Read more from Slate’s puberty series. Christina Cauterucci praises advancements in period technology for giving girls control over their bodily care. Rebecca Onion explains why bra options are so much better for girls today. Rachelle Hampton assesses the current crop of girl puberty books. Nick Greene offers a primer on shaving for first-timers. In case you missed it: Check out Slate’s book list for middle schoolers.
On a rainy evening a few years ago, I rode a bike across the city of Amsterdam, where I’d once lived, to attend a puberty talk at a bookshop. I was not there for personal reasons—my children were not yet adolescents—but to learn more about the “Dutch approach” to sex ed for my book Beyond Birds and Bees, since Holland is renowned for producing some of the world’s happiest, most-egalitarian-thinking, and sexually healthy teenagers. The authors of the new book Pubermania, Ingrid Van Essen and Kiki Mol-van Der Lee, promised at their talk to tell us everything we needed to know to get through puberty with our kids.
The writers presented in Dutch, which was hard enough for me to understand. But something else confused me. As the authors gave their advice, I noticed an absence of words like period, zit, breast, or boner. Instead, everyone in the room (except me) seemed to be focused on something else entirely: how parents can keep close, loving bonds with their kids through puberty and beyond.
That night was my first big hint that puberty is about more—much more—than hormones and body changes. If I’d known then what I know now, I would have understood that the Dutch parents seated around me had already covered all the biological details of puberty with their kids (and that schools had reinforced those lessons, with relationship skills to boot). Addressing body changes, reproduction, and sexuality with their kids well before puberty began had made room in their relationships for bigger, more-important questions in early adolescence: How can I keep a close relationship with my young teenager as they take steps toward independence and bigger risks in the world? What can I do to ensure my adolescent will trust me, confide in me, consider my advice, and still love me and want me in their life when they’re older?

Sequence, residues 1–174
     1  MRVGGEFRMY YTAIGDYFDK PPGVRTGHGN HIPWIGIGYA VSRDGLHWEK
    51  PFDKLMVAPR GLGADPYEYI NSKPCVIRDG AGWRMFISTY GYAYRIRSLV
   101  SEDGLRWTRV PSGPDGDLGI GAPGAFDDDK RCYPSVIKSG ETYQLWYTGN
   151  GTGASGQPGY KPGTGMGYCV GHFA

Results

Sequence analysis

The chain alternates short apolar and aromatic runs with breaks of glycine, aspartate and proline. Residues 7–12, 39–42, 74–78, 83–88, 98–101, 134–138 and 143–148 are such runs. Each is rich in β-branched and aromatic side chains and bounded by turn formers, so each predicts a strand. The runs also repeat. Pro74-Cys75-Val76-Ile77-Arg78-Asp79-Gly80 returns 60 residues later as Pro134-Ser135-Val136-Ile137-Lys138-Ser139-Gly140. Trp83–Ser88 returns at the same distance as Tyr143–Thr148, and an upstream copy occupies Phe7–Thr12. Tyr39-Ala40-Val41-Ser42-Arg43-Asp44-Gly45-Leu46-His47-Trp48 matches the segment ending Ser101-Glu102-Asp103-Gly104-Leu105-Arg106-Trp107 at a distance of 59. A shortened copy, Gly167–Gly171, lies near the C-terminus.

Now, after everything I’ve learned, if I could change one thing for parents whose kids are entering adolescence, I’d change our associations with the word puberty. The old-school way of looking at puberty brings to mind body changes and a single, awkward “facts of life” talk—and the expectation that parent-child relationships take a turn for the worse. The new puberty is all about connection. After all, the incredible process of watching a child come into their own—finding their voice, talking to you about what they know, what they’ve learned, what they’re passionate about, and teaching you about these things—can be deeply rewarding for parents.
Here’s how to lay the foundation for a lasting, loving, collaborative relationship with tweens and young teens—and make the passage of puberty easier for parents and children.
According to the American Academy of Pediatrics, contributing to household chores is essential in adolescence, and there’s no chore a typical 12-year-old “shouldn’t be expected to master.” Chores allow teenagers to feel like core team members, making them feel “valuable and competent, both of which enhance self-esteem.”